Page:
Peripheral memories and transnational mobilities

30 September–1 October 2022. Lisbon, Portugal
WG1 Meeting “Peripheral memories and transnational mobilities: Decolonial approaches to the material and visual traces of empire” 

In this Meeting, members of WG1 will discuss and share methodological, ethical, and theoretical approaches to understanding and analyzing the concept of the trace across multiple disciplines, particularly history, anthropology, migration studies, museum studies, and areas of artistic research and production. 

During the 20th century, countries in Southern Europe experienced a wave of dictatorships. Many of these projects also reinforced and/or contributed to projects of empire. Building on Michael Rothberg’s concept of “multidirectional memory,” which draws attention to how memory narratives in the public sphere are subject to forms of negotiation, mediation, and cross-referencing this meeting considers how artists, researchers, and activists engage with the material and visual traces of empire to articulate new forms of narrating and understanding the past, where multiple histories of violence can exist in dialogue. Thinking critically with concepts such as “periphery,” “semi-periphery,” and “contact zone,” the meeting will focus on how artists, researchers, activists, and practitioners are rethinking the politics of historical knowledge production while also reimagining how we engage with the traces of empire in ways that are decolonial, antiracist, and radical.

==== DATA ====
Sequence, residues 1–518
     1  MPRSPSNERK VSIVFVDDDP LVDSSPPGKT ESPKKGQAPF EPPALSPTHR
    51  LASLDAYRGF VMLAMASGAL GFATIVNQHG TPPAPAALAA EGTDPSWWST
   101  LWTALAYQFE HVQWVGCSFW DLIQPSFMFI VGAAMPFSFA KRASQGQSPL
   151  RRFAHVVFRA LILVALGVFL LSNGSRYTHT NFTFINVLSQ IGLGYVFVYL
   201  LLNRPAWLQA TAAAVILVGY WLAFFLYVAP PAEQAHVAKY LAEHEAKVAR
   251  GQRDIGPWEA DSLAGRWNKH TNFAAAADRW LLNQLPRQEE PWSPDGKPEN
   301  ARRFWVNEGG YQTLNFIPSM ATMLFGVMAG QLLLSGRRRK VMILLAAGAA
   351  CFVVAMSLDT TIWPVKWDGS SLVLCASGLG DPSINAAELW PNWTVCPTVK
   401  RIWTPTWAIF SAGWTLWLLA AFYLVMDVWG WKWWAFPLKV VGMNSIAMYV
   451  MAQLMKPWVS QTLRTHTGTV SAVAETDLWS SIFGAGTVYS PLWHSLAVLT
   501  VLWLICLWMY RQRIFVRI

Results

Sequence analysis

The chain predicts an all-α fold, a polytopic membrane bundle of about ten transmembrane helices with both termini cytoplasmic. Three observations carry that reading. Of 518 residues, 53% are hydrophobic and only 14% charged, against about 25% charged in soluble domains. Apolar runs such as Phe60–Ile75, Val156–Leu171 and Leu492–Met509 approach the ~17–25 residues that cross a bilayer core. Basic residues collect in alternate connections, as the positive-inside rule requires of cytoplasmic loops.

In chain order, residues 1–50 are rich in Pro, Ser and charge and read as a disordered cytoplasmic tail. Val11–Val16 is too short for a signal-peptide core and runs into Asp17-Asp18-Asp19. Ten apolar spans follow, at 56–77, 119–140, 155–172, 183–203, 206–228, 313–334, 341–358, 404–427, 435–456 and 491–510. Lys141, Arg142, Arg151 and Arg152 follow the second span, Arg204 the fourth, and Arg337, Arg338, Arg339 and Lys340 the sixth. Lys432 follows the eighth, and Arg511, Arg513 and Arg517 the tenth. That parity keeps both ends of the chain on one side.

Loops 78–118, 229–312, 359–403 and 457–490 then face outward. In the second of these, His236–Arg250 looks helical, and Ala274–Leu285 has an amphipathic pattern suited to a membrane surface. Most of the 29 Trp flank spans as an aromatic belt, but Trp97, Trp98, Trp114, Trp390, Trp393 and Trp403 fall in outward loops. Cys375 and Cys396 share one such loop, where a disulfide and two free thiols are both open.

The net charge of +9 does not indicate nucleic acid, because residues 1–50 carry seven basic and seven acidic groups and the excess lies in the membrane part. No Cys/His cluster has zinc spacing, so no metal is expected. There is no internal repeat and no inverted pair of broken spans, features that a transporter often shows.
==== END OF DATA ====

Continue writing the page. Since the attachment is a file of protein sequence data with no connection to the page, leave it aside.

The meeting will bring together early to mid-career researchers from different disciplinary backgrounds to present and discuss ongoing work on decolonial approaches to the visual and material traces of empire. Interrogating the categories of “periphery” and “semi-periphery,” the discussions will focus on how Southern Europe constitutes a unique contact zone, where a multiplicity of histories and experiences co-exist and overlap. Focusing on how communities, objects, and images move in, around, and cross different spaces, the meeting will consider how interrogating the visual and material traces of “empire” can be a point of departure for reimagining forms of political contestation, action, and reparation.  Combining internal working group sessions with public-facing programming, this event will open dialogue amongst artists, researchers, and decolonial activists whose work proposes innovative and radical approaches to rethinking the memories and histories of colonialism in Southern Europe. #tractsresearch

TRACTS COST Action (20134) on "Traces as Research Agenda for Climate Change, Technology Studies, and Social Justice"